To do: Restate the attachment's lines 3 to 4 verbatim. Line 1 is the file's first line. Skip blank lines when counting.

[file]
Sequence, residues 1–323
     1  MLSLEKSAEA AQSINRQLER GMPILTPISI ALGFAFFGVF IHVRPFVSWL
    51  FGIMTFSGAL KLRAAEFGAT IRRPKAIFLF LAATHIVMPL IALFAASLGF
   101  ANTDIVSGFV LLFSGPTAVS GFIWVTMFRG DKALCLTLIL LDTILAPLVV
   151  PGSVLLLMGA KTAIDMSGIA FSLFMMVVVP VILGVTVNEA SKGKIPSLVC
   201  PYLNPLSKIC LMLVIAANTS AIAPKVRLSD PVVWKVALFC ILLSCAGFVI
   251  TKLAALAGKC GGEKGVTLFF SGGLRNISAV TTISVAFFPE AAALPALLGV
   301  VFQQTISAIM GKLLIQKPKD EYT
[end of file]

    51  FGIMTFSGAL KLRAAEFGAT IRRPKAIFLF LAATHIVMPL IALFAASLGF
   101  ANTDIVSGFV LLFSGPTAVS GFIWVTMFRG DKALCLTLIL LDTILAPLVV